WAS RESISTANCE JUSTIFIABLE?
A story is told of Queen Victoria that in her youthful days, when studying constitutional history, she once asked Lord Melbourne whether under any circumstances citizens were justified in resisting legal authority; to which the old courtier replied: “When asked that question by a Sovereign of the House of Hanover I feel bound to answer in the affirmative.” If one can imagine a similar question being asked of an Ulsterman by Mr. Asquith, Mr. Lloyd George, or Sir Edward Grey, in 1912, the reply would surely have been that such a question asked by a statesman claiming to be a guardian of Liberal principles and of the Whig tradition could only be answered in the affirmative. This, at all events, was the view of the late Duke of Devonshire, who more than any other statesman of our time could claim to be a representative in his own person of the Whig tradition handed down from 1688. Passive obedience has, indeed, been preached as a political dogma in the course of English history, but never by apostles of Liberalism. Forcible resistance to legally constituted authority, even when it involved repudiation of existing allegiance, has often, both in our own and in foreign countries, won the approval and sympathy of English Liberals. A long line of illustrious names, from Cromwell and Lord Halifax in England to Kossuth and Mazzini on the Continent, might be quoted in support of such a proposition if anyone were likely to challenge it.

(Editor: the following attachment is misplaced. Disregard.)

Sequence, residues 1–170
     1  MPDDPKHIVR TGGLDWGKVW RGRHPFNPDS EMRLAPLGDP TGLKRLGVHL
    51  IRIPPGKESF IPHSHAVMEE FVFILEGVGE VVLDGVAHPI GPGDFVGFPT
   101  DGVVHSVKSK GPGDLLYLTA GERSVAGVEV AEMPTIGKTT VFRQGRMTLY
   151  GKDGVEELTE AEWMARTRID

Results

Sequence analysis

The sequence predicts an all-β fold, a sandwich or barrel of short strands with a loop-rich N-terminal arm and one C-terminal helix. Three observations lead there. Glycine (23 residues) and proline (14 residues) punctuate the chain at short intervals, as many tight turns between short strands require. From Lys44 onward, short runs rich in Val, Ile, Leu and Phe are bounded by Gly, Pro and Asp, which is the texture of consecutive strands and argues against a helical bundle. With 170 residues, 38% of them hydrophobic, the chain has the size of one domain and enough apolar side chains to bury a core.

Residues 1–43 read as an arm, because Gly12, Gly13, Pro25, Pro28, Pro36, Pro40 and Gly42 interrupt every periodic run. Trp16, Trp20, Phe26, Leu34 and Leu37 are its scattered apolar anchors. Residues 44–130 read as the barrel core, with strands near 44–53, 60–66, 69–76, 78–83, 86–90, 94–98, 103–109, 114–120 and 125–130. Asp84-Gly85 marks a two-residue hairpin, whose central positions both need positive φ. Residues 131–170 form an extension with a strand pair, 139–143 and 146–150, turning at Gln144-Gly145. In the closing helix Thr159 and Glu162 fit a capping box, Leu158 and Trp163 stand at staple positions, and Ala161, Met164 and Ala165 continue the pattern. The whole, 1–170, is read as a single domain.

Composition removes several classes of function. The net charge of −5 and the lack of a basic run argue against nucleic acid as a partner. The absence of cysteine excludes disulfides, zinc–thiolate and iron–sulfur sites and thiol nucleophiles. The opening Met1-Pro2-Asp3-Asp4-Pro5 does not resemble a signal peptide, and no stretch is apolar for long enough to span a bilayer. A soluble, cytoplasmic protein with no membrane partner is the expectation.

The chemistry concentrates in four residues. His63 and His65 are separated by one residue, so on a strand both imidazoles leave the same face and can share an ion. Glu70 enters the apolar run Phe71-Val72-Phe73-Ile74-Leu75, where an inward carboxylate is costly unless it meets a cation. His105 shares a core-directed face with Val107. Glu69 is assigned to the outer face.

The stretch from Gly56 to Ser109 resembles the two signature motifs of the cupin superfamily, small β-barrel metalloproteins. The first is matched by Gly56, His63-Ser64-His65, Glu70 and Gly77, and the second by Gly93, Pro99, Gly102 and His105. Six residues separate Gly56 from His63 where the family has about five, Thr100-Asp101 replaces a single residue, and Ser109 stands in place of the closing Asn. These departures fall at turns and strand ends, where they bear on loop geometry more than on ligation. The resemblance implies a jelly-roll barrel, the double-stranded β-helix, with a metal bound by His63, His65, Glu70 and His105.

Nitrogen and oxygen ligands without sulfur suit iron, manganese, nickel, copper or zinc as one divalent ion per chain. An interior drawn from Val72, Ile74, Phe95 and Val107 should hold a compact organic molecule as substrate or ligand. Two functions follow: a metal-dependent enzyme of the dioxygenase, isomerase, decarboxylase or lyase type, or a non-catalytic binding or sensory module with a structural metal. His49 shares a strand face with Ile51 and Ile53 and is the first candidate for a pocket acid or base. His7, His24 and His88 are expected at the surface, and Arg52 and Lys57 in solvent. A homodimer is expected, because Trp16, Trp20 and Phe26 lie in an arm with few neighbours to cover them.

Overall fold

When, then, Liberals professed to be unutterably shocked by Ulster’s declared intention to resist Home Rule both actively and passively, they could not have based their attitude on the principle that under no circumstances could such resistance be morally justified. Indeed, in the case in question, there were circumstances that would have made the condemnation of Ulster by the English Liberal Party not a little hypocritical if referred to any general ethical principle. For that party had itself been for a generation in the closest political alliance with Irishmen whose leader had boasted that they were as much rebels as their fathers were in 1798, and whose power in Ireland had been built up by long-sustained and systematic defiance of the law. Yet the same politicians who had excused, if they had not applauded, the “Plan of Campaign,” and the organised boycotting and cattle-driving which had for years characterised the agitation for Home Rule, were unspeakably shocked when Ulster formed a disciplined Volunteer force which never committed an outrage, and prepared to set up a Provisional Government rather than be ruled by an assembly of cattle-drivers in Dublin. Moreover, many of Mr. Asquith’s supporters, and one at least of his most distinguished colleagues in the Cabinet of 1912, had themselves organised resistance to an Education Act which they disliked but had been unable to defeat in Parliament.